— Buchholz did little to instill confidence in those doubting his ability to take over as ace of the Red Sox rotation going forward, allowing seven earned runs for the second start in a row while walking five batters. After allowing just five runs over 22 1/3 innings from July 1-13, Buchholz has surrendered 23 runs over his last 22 innings of work.
|Dustin Pedroia, David Ortiz react to Jon Lester’s potential departure: ‘We’re not teammates, we’re family’||07.30.14 at 12:49 am ET|
The atmosphere in the Red Sox clubhouse was eerily somber following the team’s 4-2 loss at the hands of the Blue Jays Tuesday night. However, this aura of disappointment was not due to the numbers on the scoreboard, but rather the growing realization that one of the Red Sox‘ most beloved players might not be at his locker the following morning.
Red Sox manager John Farrell confirmed after the game that Jon Lester, who has been the focus of trade rumors for the past few weeks, would not make his scheduled start Wednesday, further adding to the belief that the southpaw’s days in Boston are numbered. One general manager told WEEI.com’s Rob Bradford that a deal could be struck as soon as Wednesday morning.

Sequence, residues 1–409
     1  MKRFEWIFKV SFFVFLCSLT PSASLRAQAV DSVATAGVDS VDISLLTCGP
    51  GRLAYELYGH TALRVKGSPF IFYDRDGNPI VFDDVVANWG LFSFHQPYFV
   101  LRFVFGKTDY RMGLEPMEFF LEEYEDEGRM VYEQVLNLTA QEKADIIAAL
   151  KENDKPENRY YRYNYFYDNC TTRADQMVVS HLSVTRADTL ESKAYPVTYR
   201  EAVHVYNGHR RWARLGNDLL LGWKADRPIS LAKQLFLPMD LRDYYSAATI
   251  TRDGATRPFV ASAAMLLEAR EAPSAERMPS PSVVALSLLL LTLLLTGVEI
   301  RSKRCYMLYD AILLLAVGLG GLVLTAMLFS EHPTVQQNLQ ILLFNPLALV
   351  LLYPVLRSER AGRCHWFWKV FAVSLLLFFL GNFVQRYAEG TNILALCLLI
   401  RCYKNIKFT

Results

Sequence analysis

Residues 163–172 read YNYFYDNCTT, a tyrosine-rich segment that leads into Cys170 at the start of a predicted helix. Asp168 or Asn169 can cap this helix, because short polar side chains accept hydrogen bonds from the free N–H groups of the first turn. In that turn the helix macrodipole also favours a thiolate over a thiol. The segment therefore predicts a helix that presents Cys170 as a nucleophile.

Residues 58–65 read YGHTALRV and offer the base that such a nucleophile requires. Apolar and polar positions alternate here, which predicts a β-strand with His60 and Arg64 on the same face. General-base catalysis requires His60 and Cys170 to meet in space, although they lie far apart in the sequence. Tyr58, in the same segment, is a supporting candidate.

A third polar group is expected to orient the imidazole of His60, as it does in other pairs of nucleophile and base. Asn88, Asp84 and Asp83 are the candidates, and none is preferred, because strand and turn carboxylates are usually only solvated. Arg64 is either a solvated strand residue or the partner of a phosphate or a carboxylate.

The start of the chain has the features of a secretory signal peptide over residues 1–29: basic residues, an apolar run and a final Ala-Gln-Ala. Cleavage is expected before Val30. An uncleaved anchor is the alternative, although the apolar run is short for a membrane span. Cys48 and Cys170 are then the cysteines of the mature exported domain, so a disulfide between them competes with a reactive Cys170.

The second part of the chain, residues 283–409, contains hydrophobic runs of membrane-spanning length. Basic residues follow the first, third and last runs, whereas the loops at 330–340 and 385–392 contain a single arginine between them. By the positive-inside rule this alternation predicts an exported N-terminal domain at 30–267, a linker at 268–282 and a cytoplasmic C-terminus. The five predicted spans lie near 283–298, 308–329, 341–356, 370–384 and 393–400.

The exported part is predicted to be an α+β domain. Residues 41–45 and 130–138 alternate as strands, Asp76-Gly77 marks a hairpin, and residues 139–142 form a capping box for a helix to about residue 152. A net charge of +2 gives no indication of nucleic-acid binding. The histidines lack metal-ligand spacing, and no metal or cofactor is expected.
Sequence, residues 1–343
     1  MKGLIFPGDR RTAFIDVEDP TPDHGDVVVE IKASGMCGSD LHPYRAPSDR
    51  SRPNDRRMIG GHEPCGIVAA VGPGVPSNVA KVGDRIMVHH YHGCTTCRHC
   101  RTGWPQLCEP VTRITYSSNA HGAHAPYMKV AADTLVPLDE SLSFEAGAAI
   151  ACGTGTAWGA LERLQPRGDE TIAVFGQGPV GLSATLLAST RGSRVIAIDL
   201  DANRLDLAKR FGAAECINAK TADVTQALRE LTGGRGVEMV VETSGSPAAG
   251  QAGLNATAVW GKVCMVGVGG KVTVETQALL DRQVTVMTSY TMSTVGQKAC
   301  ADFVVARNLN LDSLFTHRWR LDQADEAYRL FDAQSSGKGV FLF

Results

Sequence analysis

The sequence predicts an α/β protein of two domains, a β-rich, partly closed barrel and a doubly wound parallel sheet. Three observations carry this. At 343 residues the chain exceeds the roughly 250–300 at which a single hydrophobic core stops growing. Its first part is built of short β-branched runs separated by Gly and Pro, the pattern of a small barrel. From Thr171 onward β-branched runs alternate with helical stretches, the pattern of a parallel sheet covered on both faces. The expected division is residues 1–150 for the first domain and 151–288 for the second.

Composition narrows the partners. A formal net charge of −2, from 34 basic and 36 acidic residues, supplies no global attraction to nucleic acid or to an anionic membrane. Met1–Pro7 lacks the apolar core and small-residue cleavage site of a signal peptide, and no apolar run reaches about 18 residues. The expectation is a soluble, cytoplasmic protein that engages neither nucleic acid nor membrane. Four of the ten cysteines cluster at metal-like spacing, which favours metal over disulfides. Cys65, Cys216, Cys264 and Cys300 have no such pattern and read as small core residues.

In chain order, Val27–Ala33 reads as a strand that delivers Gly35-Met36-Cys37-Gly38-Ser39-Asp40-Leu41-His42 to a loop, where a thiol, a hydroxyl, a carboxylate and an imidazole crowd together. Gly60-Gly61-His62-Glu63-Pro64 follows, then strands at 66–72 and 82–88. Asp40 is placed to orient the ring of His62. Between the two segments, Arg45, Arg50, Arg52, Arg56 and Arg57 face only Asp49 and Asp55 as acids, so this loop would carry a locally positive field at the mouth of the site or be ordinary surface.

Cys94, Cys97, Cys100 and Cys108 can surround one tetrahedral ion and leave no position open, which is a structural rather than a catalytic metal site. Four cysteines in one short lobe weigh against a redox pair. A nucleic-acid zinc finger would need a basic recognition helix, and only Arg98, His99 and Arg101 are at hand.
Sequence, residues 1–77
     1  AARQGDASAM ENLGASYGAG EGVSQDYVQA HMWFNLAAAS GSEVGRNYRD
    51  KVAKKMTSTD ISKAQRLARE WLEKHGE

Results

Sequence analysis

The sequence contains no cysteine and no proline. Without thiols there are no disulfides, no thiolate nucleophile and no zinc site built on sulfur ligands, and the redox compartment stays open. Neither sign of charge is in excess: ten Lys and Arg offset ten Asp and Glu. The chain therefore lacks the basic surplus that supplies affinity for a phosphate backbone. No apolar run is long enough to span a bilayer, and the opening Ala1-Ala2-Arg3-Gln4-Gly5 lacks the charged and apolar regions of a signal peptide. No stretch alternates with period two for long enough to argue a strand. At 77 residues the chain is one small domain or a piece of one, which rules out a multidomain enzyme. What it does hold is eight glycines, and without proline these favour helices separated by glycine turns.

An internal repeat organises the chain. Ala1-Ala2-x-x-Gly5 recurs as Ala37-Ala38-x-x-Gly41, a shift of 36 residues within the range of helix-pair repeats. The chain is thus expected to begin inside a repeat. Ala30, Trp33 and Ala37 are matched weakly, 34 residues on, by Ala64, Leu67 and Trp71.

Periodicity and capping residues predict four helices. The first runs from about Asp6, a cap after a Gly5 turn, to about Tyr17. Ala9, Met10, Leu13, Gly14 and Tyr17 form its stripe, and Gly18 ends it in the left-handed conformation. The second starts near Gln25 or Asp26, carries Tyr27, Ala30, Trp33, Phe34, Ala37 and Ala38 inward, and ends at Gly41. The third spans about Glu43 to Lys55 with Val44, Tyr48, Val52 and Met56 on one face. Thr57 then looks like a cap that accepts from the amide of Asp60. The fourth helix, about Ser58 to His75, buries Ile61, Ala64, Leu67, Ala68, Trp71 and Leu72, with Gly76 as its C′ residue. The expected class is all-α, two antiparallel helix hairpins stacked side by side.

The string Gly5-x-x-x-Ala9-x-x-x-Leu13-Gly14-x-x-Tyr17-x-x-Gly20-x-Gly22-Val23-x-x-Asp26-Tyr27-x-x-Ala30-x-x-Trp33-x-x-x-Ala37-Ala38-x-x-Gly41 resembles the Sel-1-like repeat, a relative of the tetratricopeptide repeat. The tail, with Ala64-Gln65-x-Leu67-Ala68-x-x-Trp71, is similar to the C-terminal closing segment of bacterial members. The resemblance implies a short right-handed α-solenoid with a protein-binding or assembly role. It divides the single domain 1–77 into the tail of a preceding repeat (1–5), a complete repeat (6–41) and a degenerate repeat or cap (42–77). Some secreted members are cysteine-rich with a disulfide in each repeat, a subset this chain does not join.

While Lester’s performance on the mound (10-7, 2.52 ERA, 1.12 WHIP) will be difficult for Boston to replicate if he is indeed dealt, the possibility of losing the lefty’s presence in the clubhouse struck a much deeper chord with some of his teammates.
“It’s tough. We’re not teammates, we’re family,” Pedroia said. “It’s something that you don’t like going through. It makes you feel worse. We don’t want to be in this position. … We should be adding instead of subtracting, so hopefully he’s here.”
Pedroia continued: “We’ve got a big game to play and we want him pitching it. … It would be tough to see him in another uniform.”
Said Ortiz: “Lester is like a brother to me. [Pedroia] was right, we’ve been together for a long period of time. Just because of the fact that all of these trade rumors are going around and him being scratched tomorrow, it can get a little complicated. We’ll see how that works.”
|David Ortiz fires back at criticism from Rays pitcher Chris Archer||07.27.14 at 7:58 pm ET|
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Ortiz decimated an elevated Chris Archer changeup and sent it rocketing into the far reaches of the right field bleachers in the Tropicana Dome. He admired his work, then flung his bat to punctuate his blast before circling the bases. In an echo of comments made earlier this season by Archer’s teammate, David Price, Archer (a 25-year-old who has appeared in 49 career big league games), suggested that Ortiz acted without a proper sense of decorum. Read the rest of this entry »